10.Nunes da Silva, C. The heat deflection temperature of epoxy resins: A comparison of three products used in porcelain restoration, Conservation of Glass and Ceramics. In Tennent, N. (ed), Conservation of glass and ceramics: research, practice and training conference, Conservation of glass and ceramics: research, practice and training; James & James, London, 1999, pp. 132−137.

11.Haynes, J. 1997

12.Davison, Down, Ebnesajjad, Koob, Petrie, both manufacturers of Araldite®2020 and Hxtal NYL-1™.

13.Koob, S. P., Tips and tricks with epoxy and other casting and molding materials – AIC Objects Specialty Group Postprints, Volume Ten, 2003, pp. 158–165.

14.Shashoua, 1998.

15.Haynes, J. 1997.

16.Ibid.

17.Davison, S., Conservation and Restoration of Glass, Second Edition, Elsevier Ltd., Oxford, 2003, pp. 266.

18.Vogel, W., Glass Chemistry, Second Edition, Springer-Verlag, Berlin, 1994, pp. 123.

19.Nawrocki, J., Mickievicz, A., The Silanole Group and its Role in Liquid Chromatography, in Journal of Chromatography A, 779, 1997, pp. 29−71.

20.Ed.-in-chief Wheatcroft, A., Series Ed. Wilks, H., Science for Conservators: Conservation Science Teaching Series, Heritage Series Heritage: Care, Preservation, Management. Museums and Galleries Commission. Conservation Unit Volume 2 of Science for Conservators, Cleaning, Routledge, Oxon, 1992, pp. 75.

21.Camuffo, D., Fernicola, V., Havermans, J. (Editors), How to Measure Temperature and Relative Humidity. Instruments and Instrumental Problems. In Basic Environmental Mechanisms Afecting Cultural Heritage. Understanding Deterioration Mechanisms for Conservation Purposes. COST Action D 42: CHEMICAL INTERACTIONS BETWEEN CUTURAL ARTEFACTS AND INDOOR ENVIRONMENT (ENVIART), Nardini Editore, Florence, 2010, pp. 31–42.

22.Sumner, A. L., Menke, E., Dubowski, Y., Newberg, J., Penner, R., Hemminger, J., Wingen, L., Brauners, T. And Finlayson-Pitts, B. The Nature of Water on Surfaces of Laboratory Systems and Implications for Heterogenous Chemistry in the Troposphere, Physical Chemistry Chemical Physics, No. 6, 2004, pp. 604−613.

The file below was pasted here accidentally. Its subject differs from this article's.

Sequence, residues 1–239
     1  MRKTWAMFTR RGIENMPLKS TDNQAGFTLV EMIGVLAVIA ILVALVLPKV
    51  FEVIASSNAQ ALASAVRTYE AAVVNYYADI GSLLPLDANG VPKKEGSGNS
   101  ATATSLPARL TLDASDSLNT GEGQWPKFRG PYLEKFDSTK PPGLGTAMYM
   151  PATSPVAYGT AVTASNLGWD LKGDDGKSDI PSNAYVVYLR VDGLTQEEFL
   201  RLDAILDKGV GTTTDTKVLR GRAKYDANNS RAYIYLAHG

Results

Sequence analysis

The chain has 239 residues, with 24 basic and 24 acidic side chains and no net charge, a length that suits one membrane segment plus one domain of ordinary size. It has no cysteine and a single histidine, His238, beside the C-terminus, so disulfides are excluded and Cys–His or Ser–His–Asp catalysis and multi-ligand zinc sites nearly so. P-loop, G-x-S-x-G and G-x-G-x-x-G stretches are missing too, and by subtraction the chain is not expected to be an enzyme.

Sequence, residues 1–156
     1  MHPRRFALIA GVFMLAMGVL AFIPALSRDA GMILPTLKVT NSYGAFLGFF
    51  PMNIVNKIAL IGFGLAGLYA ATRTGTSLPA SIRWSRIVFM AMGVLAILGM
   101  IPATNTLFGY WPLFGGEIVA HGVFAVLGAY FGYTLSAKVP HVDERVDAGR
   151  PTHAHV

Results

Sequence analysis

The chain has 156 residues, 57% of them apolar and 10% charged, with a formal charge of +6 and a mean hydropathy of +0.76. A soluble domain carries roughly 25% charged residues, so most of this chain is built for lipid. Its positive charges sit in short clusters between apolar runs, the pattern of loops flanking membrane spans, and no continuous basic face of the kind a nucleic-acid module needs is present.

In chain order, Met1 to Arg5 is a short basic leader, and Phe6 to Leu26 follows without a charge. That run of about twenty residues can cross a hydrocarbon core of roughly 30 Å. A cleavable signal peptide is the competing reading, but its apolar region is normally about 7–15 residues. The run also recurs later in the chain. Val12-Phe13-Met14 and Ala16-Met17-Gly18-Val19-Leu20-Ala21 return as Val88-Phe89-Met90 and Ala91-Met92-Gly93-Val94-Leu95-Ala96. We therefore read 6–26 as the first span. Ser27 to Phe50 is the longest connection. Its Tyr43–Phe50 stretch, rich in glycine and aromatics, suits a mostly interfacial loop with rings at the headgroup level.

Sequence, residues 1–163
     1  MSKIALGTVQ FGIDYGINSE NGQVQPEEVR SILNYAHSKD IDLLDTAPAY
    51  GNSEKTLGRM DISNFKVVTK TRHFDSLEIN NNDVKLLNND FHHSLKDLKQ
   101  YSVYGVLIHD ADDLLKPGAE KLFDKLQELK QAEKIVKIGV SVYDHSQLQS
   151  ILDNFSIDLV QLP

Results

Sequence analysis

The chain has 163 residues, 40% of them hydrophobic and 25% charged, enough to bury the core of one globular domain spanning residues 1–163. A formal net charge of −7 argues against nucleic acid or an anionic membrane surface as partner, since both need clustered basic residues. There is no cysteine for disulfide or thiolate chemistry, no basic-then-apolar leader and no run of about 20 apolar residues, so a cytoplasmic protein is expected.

23.Ed.-in-chief Wheatcroft, A., Series Ed. Wilks, H., Science for Conservators: Conservation Science Teaching Series, Heritage Series Heritage: Care, Preservation, Management. Museums and Galleries Commission. Conservation Unit Volume 3 of Science for Conservators, Adhesives, Routledge, Oxon, 1992, pp. XX.

24.Ebnesajjad, pp. 5.

25.Ibid, pp. 7.

26.Petrie, pp. 56.

27.Davison, 2003, pp. 206.

28.Ed. Ebnesajjad, S., Handbook of Adhesives and Surface Preparation. Technology, Application and Manufactoring, Elsevier Ltd., Oxford, 2011, pp. 3.

29.Wu , S., Polymer Interface and Adhesion, Marcel Dekker, New York, 1982, pp. 337.

30.Ebnesajjad, 2011, pp 3.

31.Habenicht, G., Applied Adhesive Bonding: A Practical Guide for Flawless Results, Wiley-VCH, Weinheim, 2009, pp. 57.

32.Plueddemann, E., Silane Coupling Agents, Second Edition, Springer Science, New York, 1991, pp. 18.

33.Petrie, E., Handbook of Adhesives and Sealants, McGrow-Hill, New York, 2000, pp. 50.

34.Arunan, E., Desiraju, G. R., Klein, R. A., Sadlej, J., Scheiner, S., Alkorta, I., Clary, D. C., Crabtree, R. H., Dannenberg, J. J., Hobza, P., Kjaergaard, H. G., Legon, A. C., Mennucci, B., Nesbitt, D. J. Definition of the hydrogen bond, Pure and Applied Chemistry, Vol 83, No. 8, 2011, pp. 1637−1641.

35.Jeffrey, G. A., Saenger, W., Hydrogen Bonding in Biological Structures, Springer-Verlag, Berlin, 1994, pp. 15.

36.Arunan, 2011.

37.IUPAC. Compendium of Chemical Terminology, 2nd ed. (the "Gold Book"). Compiled by A. D. McNaught and A. Wilkinson. Blackwell Scientific Publications, Oxford,1997, pp. 1588.

38.Parsegian, A., Van Der Waals Forces. A Handbook for Biologists, Chemists, Engineers and Physicists, Cambridge University Press, New York, 2006, pp. 6.

39.Ebnesajjad, 2011, pp. 10.

40.Bikerman, J. J., The Science of Adhesive Joints, Academic Press Inc., New York, 1968, pp. 2.

41.Ebnesajjad, 2011, pp. 5.

42.Ibid, pp. 12.

43.Hygrodynamics, Inc., Creating and maintaining humidities by salt solutions. Liggett & Myers, Maryland, 1996.

44.Greenspan, L., Humidity Fixed Points of Binary Saturated Aqueous Solutions, in Journal of Research of the National Bureau of Standarts - A. Physics and Chemistry, Vol. 81A, No. 1, 1977, pp. 89−96.

45.Hygrodynamics, Inc., 1996.

46.Hxtal NYL-1 Information sheet, His Glassworks, Inc.

 

Bibliography